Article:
Mutations of the receptor tyrosine kinase c-kit or its ligand stem cell factor (SCF), which is encoded as a soluble and membrane-associated protein by the Steel gene in mice, lead to deficiencies of germ cells, melanocytes, and hematopoiesis, including the erythroid lineage. In the present study, we have used genetic methods to study the role of membrane or soluble presentation of SCF in hematopoiesis. Bone marrow-derived stromal cells expressing only a membrane-restricted (MR) isoform of SCF induced an elevated and sustained tyrosine phosphorylation of both c-kit and erythropoietin receptor (OPO-R) and significantly greater proliferation of an erythrocytic progenitor cell line compared with stromal cells expressing soluble SCF. Transgene expression of MR-SCF in Steel-dickie (Sl(d)) mutants resulted in a significant improvement in the production of red blood cells, bone marrow hypoplasia, and runting. In contrast, overexpression of the full-length soluble form of SCF transgene had no effect on either red blood cell production or runting but corrected the myeloid progenitor cell deficiency seen in these mutants. These data provide the first evidence of differential functions of SCF isoforms in vivo and suggest an abnormal signaling mechanism as the cause of the severe anemia seen in mutants of the Sl-gene.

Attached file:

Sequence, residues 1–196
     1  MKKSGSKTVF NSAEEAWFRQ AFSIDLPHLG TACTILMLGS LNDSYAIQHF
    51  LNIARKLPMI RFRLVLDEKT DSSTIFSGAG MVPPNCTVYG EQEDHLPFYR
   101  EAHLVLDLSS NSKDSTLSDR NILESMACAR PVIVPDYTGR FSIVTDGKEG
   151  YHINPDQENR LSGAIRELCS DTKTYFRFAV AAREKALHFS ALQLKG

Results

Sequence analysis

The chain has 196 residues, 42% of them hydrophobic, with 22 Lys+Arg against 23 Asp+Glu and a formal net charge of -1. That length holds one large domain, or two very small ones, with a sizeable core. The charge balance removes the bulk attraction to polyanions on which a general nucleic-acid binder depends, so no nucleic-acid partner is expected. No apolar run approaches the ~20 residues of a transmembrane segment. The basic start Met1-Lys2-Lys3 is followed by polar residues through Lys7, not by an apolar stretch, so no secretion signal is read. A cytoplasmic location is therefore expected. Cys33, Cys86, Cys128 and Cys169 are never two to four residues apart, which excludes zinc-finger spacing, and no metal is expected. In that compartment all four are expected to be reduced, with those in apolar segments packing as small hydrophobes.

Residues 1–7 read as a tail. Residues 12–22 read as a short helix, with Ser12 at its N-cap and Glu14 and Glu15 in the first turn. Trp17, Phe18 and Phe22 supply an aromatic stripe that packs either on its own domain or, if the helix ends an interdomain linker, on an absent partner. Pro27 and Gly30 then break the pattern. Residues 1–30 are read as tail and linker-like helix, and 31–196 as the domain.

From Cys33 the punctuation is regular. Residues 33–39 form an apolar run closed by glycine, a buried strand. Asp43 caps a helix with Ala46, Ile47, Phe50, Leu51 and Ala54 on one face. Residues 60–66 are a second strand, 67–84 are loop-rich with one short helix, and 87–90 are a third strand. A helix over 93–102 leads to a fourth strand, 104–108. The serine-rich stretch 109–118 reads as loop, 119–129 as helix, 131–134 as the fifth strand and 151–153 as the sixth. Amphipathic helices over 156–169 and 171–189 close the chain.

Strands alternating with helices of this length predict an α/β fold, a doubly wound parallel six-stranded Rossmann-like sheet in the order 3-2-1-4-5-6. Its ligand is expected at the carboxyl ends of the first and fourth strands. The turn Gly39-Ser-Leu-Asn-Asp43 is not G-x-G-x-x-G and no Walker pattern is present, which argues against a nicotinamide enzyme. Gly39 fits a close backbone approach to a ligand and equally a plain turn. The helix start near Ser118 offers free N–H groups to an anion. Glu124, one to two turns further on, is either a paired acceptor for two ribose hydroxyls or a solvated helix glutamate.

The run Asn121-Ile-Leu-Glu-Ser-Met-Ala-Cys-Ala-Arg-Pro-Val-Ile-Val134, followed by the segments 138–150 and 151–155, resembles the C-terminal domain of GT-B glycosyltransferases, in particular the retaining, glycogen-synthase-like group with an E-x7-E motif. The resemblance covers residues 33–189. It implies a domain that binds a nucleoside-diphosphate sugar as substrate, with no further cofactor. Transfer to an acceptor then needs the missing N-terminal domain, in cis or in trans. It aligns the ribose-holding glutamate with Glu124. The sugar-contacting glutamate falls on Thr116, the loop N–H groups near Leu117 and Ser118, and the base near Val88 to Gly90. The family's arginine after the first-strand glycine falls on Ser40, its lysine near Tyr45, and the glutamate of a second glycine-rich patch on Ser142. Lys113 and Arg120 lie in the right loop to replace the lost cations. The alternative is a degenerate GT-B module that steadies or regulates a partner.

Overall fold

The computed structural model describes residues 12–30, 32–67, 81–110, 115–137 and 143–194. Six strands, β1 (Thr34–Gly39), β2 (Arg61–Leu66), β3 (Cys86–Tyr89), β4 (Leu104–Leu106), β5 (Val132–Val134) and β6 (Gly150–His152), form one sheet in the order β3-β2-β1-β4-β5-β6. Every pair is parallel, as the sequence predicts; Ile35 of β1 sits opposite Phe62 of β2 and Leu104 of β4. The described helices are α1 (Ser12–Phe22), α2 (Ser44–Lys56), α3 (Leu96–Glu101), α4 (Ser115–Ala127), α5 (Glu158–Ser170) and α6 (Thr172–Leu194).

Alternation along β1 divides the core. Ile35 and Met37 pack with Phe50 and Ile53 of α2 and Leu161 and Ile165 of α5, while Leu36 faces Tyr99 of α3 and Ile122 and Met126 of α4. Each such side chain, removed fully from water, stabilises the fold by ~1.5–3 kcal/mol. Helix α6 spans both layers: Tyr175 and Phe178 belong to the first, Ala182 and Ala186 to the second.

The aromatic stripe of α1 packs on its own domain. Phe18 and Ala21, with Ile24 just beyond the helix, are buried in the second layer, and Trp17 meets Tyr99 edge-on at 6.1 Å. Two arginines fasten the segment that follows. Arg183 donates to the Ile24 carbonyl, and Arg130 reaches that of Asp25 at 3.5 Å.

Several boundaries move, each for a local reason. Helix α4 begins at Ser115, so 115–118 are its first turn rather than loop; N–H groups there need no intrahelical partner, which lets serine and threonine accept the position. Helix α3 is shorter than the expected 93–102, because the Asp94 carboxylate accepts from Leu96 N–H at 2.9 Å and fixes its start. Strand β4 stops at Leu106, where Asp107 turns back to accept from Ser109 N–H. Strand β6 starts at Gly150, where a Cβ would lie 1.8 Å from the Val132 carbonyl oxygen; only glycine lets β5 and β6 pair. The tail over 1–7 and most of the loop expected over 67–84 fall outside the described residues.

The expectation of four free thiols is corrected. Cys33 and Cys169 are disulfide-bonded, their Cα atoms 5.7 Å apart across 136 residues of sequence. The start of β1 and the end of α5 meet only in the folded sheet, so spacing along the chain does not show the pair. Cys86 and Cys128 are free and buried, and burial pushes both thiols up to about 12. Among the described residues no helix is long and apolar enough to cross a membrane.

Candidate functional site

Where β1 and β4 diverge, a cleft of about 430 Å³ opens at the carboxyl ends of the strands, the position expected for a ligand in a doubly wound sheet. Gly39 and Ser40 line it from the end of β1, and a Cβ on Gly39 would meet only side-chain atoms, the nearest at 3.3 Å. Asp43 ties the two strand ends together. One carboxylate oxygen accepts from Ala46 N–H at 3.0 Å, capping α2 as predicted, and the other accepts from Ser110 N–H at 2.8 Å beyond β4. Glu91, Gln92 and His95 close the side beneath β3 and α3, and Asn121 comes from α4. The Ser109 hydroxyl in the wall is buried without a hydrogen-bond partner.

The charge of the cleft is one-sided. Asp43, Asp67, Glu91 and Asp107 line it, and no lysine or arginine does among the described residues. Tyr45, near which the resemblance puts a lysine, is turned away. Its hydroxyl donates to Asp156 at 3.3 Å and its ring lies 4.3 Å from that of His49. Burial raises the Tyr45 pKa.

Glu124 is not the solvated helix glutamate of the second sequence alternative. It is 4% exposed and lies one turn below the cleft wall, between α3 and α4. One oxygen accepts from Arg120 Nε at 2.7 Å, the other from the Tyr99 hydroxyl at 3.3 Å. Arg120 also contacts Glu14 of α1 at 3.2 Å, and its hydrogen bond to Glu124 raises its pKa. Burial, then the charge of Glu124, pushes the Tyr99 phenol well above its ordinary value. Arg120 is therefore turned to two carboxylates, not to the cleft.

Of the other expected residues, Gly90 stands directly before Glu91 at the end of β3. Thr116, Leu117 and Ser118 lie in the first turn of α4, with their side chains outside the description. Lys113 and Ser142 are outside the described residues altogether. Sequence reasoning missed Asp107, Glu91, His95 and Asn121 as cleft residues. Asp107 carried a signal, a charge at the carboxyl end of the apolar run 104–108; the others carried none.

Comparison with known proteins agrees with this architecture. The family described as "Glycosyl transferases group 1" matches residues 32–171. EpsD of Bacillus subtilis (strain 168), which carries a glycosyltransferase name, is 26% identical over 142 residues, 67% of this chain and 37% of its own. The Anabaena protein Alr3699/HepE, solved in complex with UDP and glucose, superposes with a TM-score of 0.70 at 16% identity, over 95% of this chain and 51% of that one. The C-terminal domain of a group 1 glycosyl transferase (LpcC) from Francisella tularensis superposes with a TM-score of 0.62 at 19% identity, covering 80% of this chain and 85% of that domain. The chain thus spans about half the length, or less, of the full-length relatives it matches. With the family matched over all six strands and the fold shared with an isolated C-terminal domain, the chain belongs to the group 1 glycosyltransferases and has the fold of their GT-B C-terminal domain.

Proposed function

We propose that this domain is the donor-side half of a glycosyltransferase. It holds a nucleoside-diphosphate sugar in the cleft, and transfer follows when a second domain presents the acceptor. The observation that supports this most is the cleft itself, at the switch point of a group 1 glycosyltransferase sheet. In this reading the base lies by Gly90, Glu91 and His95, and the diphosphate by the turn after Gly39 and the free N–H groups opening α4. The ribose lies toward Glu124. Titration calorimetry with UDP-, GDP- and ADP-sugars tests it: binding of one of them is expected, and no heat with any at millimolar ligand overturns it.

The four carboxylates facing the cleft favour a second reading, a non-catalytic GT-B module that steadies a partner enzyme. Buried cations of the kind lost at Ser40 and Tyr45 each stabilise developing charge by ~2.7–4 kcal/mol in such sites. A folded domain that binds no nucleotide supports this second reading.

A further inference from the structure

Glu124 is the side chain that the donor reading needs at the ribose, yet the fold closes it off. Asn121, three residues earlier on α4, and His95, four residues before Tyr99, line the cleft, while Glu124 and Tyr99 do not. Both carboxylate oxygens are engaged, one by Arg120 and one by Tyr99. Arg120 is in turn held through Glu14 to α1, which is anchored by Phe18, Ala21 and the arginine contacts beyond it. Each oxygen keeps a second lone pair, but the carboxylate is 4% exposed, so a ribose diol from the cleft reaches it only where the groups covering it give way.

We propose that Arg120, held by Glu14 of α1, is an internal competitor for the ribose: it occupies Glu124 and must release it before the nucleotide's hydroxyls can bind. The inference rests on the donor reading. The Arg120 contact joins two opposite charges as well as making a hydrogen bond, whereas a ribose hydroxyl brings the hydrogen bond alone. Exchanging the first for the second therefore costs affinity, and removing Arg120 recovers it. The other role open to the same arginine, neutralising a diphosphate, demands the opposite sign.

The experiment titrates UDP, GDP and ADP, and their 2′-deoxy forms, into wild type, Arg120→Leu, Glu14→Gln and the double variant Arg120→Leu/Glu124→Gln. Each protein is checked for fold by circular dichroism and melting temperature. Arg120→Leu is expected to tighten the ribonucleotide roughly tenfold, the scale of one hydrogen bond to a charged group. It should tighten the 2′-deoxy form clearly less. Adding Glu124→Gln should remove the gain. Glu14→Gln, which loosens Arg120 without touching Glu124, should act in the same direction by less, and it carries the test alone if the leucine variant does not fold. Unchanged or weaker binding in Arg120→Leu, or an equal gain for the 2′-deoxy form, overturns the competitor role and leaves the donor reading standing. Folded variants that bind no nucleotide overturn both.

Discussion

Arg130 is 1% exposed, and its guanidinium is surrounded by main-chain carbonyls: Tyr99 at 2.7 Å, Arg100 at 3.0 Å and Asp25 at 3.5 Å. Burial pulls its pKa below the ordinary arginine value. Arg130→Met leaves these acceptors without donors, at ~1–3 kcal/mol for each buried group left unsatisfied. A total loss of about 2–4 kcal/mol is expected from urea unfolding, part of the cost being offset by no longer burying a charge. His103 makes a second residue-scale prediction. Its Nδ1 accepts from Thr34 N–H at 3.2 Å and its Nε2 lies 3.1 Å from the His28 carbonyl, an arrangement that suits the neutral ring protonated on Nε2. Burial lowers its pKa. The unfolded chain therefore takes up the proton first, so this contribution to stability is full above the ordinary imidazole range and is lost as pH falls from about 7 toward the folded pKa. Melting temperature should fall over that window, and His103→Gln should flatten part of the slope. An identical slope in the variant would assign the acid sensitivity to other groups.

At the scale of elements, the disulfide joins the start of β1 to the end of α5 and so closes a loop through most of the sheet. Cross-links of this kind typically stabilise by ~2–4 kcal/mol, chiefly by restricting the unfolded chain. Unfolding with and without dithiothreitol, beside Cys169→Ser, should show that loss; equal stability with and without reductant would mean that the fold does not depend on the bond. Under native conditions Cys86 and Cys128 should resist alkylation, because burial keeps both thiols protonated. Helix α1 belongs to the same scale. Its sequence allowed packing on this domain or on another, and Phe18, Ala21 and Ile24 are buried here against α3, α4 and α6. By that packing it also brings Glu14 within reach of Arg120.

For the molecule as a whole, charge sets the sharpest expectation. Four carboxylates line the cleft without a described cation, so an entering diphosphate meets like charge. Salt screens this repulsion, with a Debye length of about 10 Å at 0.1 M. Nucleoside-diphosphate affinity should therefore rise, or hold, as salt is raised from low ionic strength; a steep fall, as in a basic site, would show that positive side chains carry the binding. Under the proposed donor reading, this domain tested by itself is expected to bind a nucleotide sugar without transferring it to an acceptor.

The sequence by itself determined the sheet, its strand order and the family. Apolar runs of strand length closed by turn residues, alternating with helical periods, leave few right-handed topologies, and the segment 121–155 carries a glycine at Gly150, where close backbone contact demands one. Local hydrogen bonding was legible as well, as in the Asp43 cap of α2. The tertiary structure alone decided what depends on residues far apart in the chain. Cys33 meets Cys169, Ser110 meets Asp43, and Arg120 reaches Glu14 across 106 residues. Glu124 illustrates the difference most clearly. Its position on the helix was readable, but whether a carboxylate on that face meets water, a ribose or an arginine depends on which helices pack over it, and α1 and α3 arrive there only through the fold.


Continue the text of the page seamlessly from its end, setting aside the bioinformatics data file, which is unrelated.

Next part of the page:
|Original language||English (US)|
|Number of pages||11|
|State||Published - Feb 1 1998|
ASJC Scopus subject areas
- Cell Biology